Concord in Middlesex County, Massachusetts — The American Northeast (New England)
The North Bridge
Minute Man National Historical Park
The park preserves sites where Colonial militia men and British soldiers clashed on April 19, 1775. A force of 700 British soldiers left Boston to seize military supplies stockpiled in Concord. Alarm riders alerted the countryside. In area towns, militia companies assembled, ready to defend their communities and their liberties if necessary.
After brief battles at Lexington Green (5:00 a.m.) and Concord’s North Bridge (9:30 a.m.) fighting escalated along the “Battle Road.” As the British troops marched back towards Boston, militia companies poured in. By afternoon, nearly 4,000 Colonists unleashed “an incessant fire” upon the British soldiers. At the end of the day, the Colonists surrounded and laid siege to Boston. The Revolutionary War had begun.
The North Bridge
Three companies of British Regulars (about 96 men) guarding the North
Erected by Minute Man National Historical Park.
Topics. This historical marker is listed in these topic lists: Notable Places • War, US Revolutionary. A significant historical month for this entry is April 1836.
Location. 42° 28.266′ N, 71° 21.173′ W. Marker is in Concord, Massachusetts, in Middlesex County. Marker is on Liberty Street, on the left when traveling south. Marker is located in front of the North Bridge Visitor Center in Minute Man National Historical Park. Touch for map. Marker is in this post office area: Concord MA 01742, United States of America. Touch for directions.
Other nearby markers. At least 8 other markers are within walking distance of this marker. The Muster Field (within shouting distance of this marker); Major John Buttrick (about 300 feet away, measured in a direct line); Acton Minutemen (about 300 feet away); Major John Buttrick House (about 300 feet away); Two Revolutions (about An Evolving Legacy (about 400 feet away); Reflections of the Revolution (about 400 feet away); The Road to Colonel Barrett’s (approx. 0.2 miles away). Touch for a list and map of all markers in Concord.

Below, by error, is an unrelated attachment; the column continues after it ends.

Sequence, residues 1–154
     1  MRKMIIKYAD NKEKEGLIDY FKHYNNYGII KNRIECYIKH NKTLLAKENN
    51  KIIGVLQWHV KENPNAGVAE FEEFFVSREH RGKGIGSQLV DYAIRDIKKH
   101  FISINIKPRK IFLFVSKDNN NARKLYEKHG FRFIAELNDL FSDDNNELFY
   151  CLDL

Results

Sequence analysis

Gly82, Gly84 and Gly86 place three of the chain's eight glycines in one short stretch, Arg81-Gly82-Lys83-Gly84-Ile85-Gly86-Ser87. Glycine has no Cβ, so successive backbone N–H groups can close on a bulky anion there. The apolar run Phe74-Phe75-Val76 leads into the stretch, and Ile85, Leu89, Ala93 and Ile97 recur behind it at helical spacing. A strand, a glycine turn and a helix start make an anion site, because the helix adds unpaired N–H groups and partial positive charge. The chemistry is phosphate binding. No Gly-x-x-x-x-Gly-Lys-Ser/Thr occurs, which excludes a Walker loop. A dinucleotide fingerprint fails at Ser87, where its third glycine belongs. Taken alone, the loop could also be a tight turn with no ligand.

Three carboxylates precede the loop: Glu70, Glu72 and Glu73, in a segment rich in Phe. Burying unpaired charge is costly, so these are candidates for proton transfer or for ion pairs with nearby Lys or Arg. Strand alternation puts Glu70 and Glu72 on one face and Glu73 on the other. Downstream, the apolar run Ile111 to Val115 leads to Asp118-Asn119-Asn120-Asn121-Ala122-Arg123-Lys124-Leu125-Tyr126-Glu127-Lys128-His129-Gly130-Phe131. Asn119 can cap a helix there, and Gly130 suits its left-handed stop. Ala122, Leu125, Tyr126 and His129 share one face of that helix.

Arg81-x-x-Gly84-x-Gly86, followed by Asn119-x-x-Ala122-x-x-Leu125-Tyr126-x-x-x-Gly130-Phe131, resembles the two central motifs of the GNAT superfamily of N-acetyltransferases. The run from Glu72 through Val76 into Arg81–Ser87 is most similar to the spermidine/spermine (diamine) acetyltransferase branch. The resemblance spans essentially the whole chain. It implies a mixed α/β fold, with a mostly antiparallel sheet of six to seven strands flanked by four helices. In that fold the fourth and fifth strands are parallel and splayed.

More about this marker. The top of the marker features a map of Minute Man National Historical Park, with a detail of the trail from the marker to the North Bridge. The bottom left of the marker contains a map of the British march on Concord on April 19, 1775, with the progress of the British retreat indicated: 1. British leave Boston – 10:00 p.m.; 2. Paul Revere and others Spread the Alarm; 3. Lexington Green – 5:00 a.m.; The North Bridge – 9:30 a.m.; 5. The Battle Road: Meriam’s Corner to Charleston – 12:30 p.m. to 7:00 p.m.
An engraving by Connecticut militiaman Amos Doolittle of the fighting at the North Bridge appears on the right side of the marker. Also present are a picture of the Minute Man statue from North Bridge and a reprint of an image of Salem Gazette broadside telling of the “Bloody Butchery by the British Troops or the Runaway Fight of the Regulars.”
Also see . . .
1. Minute Man National Historical Park. National Park Service website. (Submitted on April 27, 2009, by Bill Coughlin of Woodland Park, New Jersey.)
2. The Concord Hymn. Poem written by Ralph Waldo Emerson for the commemoration of the Concord Monument, July 4, 1837. (Submitted on April 28, 2009, by Bill Coughlin of Woodland Park, New Jersey.)
3. The Battle of Concord. The American Revolutionary War website. (Submitted on May 7, 2009, by Bill Coughlin of Woodland Park, New Jersey.)
Credits. This page was last revised on June 16, 2016. It was originally submitted on April 27, 2009, by Bill Coughlin of Woodland Park, New Jersey. This page has been viewed 2,603 times since then and 63 times this year. Photos: 1, 2, 3, 4. submitted on April 27, 2009, by Bill Coughlin of Woodland Park, New Jersey.